Create Your Own Meditation Space


In the post, 5 Myths About Meditation, I discussed how meditation is not a “one-size-fits-all” type of thing, and there are many styles of meditation to choose from. I also discussed the numerous health and wellness benefits. As well, almost everyone can benefit from including meditation in their life.

As you begin to break down those myths, and understand the benefits to meditation, you’ll see that the biggest barrier of all is to fit it in. Because so many of us are trying to fit many things into our lives, creating a sacred meditation space can be helpful, depending upon your meditation goal.

Many comments I receive from my Busy Professionals are that they can’t sit still to quiet the mind, or “I just can’t meditate no matter how hard I try”. I’m here to shift your perspective on Meditation, and the required “space” to do it.


When I came up with the idea for this blog, I decided to look at what was already written on the topic. Of course, I get a few basic posts on the physical definition of creating space. Pinterest showcased many pretty rooms, and there are a few blog posts out there advocating for the same.

Like most of us, we live in a home or apartment (camper vans are fine too!), and we maintain that space for daily necessities like eating, sleeping, sitting. It holds sounds, and sights.

This “space” that we live in can be crafted-out to hold certain meanings, such as our bedroom and bathroom rituals. They’re defined – but these spaces can also be limiting.

They can become spaces of ‘routine’ that keep us from branching out into different forms of thoughts, or creativity. Likewise, they can also hold great significance for creativity, and sanction.

Having a regular “space” to meditate can also help you prepare to be in a quiet mental space, offering a better chance to enter a deep meditative space. But this post takes you one step further – you don’t have to have a regular “space”.

As long as you’re preparing your body, and the space isn’t distracting to YOU, you can do it.



Anywhere that allows me to sit with my eyes closed for 24 minutes. Anywhere! Even in my early years of meditation, I could meditate effortlessly on the subway or streetcar, as long as I had prepared my mind ahead of time.


Yes, I do have a few regular spots in my home, but I’m not required to be in those spaces in order to effectively get the job done.


Where your effort should lie, when it comes to meditation, is to create a routine of daily activity.




Taking the time to learn about the objectives of your meditation can help you also formulate a schedule and do your meditation that will best compliment your goal.


As a Certified Meditation Instructor, and Coach, I usually spend a few weeks on crafting out the right system that will work for my clients, to ensure success.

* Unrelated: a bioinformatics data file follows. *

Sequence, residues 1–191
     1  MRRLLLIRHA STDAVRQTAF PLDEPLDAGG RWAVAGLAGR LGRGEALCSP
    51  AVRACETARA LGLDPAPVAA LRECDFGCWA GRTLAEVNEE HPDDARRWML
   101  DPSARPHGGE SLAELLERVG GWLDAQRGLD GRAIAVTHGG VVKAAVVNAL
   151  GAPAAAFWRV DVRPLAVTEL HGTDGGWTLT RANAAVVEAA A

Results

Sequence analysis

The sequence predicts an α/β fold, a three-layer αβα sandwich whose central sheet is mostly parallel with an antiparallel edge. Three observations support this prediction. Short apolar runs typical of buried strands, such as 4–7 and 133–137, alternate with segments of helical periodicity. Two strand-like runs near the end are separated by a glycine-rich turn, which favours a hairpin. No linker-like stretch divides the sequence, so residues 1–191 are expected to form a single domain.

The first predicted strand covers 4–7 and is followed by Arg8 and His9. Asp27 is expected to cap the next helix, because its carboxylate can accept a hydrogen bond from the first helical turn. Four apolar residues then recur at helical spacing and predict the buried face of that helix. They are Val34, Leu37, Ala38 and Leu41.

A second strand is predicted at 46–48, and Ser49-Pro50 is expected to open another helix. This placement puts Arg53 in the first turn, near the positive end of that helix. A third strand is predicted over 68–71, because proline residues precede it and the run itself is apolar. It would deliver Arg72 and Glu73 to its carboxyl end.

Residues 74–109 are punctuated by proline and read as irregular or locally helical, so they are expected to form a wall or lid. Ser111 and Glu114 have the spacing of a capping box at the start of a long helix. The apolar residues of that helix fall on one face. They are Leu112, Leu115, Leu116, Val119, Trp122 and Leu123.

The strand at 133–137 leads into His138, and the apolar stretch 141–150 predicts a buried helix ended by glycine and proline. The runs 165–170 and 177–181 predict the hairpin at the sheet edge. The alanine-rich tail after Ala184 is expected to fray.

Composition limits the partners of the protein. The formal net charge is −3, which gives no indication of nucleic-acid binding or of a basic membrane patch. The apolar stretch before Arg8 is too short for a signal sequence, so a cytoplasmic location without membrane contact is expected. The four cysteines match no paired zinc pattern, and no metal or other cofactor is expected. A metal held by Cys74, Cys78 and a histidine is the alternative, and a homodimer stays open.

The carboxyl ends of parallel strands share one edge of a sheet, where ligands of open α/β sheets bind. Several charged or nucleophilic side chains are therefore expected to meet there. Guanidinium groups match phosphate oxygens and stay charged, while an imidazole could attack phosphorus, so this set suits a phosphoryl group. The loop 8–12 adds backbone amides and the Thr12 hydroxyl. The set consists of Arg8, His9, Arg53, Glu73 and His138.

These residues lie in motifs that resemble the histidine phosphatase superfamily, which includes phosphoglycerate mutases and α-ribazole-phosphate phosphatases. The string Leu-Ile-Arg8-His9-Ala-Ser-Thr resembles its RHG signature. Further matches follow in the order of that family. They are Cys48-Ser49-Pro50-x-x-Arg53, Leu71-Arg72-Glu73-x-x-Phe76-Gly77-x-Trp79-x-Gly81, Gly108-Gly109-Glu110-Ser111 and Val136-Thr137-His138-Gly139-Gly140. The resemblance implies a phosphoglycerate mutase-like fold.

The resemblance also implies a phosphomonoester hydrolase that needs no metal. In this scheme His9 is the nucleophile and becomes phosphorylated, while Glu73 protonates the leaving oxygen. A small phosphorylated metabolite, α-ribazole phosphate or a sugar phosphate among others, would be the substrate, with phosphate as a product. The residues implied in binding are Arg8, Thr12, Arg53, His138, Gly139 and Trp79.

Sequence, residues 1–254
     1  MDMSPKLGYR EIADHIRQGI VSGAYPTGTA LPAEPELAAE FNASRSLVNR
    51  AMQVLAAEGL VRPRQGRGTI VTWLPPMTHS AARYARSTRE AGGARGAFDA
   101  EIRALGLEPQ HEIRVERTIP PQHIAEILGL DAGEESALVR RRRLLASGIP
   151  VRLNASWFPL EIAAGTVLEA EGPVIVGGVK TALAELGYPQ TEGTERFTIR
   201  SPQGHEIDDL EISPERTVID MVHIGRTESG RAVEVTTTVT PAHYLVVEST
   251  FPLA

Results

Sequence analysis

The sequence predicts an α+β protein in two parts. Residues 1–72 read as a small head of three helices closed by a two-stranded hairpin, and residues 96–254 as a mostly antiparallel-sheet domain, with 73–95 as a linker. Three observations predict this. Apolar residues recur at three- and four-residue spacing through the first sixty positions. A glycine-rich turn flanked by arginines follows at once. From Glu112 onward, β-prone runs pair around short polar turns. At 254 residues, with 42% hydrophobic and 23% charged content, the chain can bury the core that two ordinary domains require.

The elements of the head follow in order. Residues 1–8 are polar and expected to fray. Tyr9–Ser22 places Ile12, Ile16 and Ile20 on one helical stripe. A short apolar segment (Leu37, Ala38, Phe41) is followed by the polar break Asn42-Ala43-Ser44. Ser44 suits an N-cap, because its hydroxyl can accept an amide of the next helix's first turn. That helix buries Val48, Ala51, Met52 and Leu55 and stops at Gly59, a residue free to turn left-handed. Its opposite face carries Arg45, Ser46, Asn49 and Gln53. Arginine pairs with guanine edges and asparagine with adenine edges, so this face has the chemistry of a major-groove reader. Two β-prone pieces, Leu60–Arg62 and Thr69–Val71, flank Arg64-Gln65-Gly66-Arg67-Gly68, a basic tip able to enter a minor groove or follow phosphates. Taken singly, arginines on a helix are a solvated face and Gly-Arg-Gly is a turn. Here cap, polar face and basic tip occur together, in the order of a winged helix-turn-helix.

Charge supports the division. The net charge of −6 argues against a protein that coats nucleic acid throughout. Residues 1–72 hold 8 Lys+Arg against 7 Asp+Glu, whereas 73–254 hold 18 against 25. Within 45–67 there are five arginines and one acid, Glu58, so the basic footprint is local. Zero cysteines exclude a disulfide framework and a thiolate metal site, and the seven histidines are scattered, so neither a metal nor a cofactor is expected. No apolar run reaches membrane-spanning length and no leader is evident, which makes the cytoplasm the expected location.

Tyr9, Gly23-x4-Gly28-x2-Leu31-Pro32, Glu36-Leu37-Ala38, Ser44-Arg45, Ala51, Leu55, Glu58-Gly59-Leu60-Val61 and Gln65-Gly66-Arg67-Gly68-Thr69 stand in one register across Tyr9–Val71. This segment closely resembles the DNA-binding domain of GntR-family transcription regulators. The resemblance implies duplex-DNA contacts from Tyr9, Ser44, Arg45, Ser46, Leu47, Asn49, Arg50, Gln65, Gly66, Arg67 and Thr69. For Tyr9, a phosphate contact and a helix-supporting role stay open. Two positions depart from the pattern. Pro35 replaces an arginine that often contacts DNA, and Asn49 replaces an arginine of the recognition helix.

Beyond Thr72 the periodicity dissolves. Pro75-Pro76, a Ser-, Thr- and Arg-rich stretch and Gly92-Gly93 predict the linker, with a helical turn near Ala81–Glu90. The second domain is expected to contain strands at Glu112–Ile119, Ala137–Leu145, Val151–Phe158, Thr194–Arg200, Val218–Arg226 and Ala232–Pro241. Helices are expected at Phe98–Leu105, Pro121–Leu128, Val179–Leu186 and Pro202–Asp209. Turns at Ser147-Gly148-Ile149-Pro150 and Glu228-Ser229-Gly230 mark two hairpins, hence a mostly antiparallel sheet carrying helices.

Is your primary aim Stress release? Performance enhancement? Or Heart-health improvement?  


Depending upon your goal, and meditation objectives, you might be the person that needs to create the “perfect” space. If a regular physical space builds commitment for you, consider what that space will look like. Will you have a special cushion, blanket or pillow? What colours will you see before and after?


The problem with the mentality of having the perfect meditation space is that the meditation is delayed until someone gets to that space – typically home. And for many busy professionals, they’re either not home very often.


As well, some people are tentative about committing to a daily practice, especially if they’re new to meditation, so the “space” issue could prevent them from sticking to it entirely.



Meditation can happen at the kitchen table with a cozy blanket.

Meditation can happen in your car, when you’ve parked and arrived at your destination (I hear you busy folks saying…I can barely make it to work on time. Schedule the earlier departure).

Meditation can happen when you’re lying in the bathtub.

Meditation can happen for 5 minutes at your desk, in your office or cubicle.

Meditation can happen when you’re moving too. Not all meditations styles are the same. Check out 5 Myths About Meditation here.

Meditation can happen when you’re comfortable in a chair, on a sofa, in bed (with or without pillows).

It can happen in a park, and in a forest, and while sitting in the sand at the beach.

And if you work in a hospital, meditation can happen in the hospital’s chapel on your break. Or the local church.

There need not be any big huge effort to create a physical space, if such a thing has become a barrier.

Don’t get me wrong, space is important. But what is the most important is to prepare yourself to be IN THAT SPACE of tranquility, and ease.

I want people to see how versatile meditation is, and the purpose of meditation is to achieve a heightened state of relaxation in the body, and the mind. And remember to turn your attention to the breath.

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